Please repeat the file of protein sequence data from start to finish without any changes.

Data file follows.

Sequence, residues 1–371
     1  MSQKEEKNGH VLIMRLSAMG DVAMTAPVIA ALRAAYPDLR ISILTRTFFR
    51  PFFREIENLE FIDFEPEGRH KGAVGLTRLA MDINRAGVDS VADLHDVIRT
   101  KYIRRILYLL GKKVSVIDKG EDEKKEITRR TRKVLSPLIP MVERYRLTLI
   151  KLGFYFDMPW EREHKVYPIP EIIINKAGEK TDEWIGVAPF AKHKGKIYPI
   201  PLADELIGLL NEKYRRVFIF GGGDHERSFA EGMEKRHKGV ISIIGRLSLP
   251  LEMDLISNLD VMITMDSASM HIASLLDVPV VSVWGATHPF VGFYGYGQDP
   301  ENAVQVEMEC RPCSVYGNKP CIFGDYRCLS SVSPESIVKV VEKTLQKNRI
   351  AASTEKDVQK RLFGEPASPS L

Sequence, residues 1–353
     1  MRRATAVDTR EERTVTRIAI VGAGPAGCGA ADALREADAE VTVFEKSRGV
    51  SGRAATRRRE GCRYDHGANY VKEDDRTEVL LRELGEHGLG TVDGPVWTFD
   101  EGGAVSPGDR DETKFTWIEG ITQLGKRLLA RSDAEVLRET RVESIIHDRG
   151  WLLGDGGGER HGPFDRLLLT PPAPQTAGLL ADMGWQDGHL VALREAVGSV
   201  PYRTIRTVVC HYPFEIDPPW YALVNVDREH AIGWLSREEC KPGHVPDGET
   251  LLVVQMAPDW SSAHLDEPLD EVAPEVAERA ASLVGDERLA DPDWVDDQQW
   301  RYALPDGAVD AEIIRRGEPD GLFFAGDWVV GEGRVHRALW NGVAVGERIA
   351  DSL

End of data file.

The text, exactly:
Sequence, residues 1–371
     1  MSQKEEKNGH VLIMRLSAMG DVAMTAPVIA ALRAAYPDLR ISILTRTFFR
    51  PFFREIENLE FIDFEPEGRH KGAVGLTRLA MDINRAGVDS VADLHDVIRT
   101  KYIRRILYLL GKKVSVIDKG EDEKKEITRR TRKVLSPLIP MVERYRLTLI
   151  KLGFYFDMPW EREHKVYPIP EIIINKAGEK TDEWIGVAPF AKHKGKIYPI
   201  PLADELIGLL NEKYRRVFIF GGGDHERSFA EGMEKRHKGV ISIIGRLSLP
   251  LEMDLISNLD VMITMDSASM HIASLLDVPV VSVWGATHPF VGFYGYGQDP
   301  ENAVQVEMEC RPCSVYGNKP CIFGDYRCLS SVSPESIVKV VEKTLQKNRI
   351  AASTEKDVQK RLFGEPASPS L

Sequence, residues 1–353
     1  MRRATAVDTR EERTVTRIAI VGAGPAGCGA ADALREADAE VTVFEKSRGV
    51  SGRAATRRRE GCRYDHGANY VKEDDRTEVL LRELGEHGLG TVDGPVWTFD
   101  EGGAVSPGDR DETKFTWIEG ITQLGKRLLA RSDAEVLRET RVESIIHDRG
   151  WLLGDGGGER HGPFDRLLLT PPAPQTAGLL ADMGWQDGHL VALREAVGSV
   201  PYRTIRTVVC HYPFEIDPPW YALVNVDREH AIGWLSREEC KPGHVPDGET
   251  LLVVQMAPDW SSAHLDEPLD EVAPEVAERA ASLVGDERLA DPDWVDDQQW
   301  RYALPDGAVD AEIIRRGEPD GLFFAGDWVV GEGRVHRALW NGVAVGERIA
   351  DSL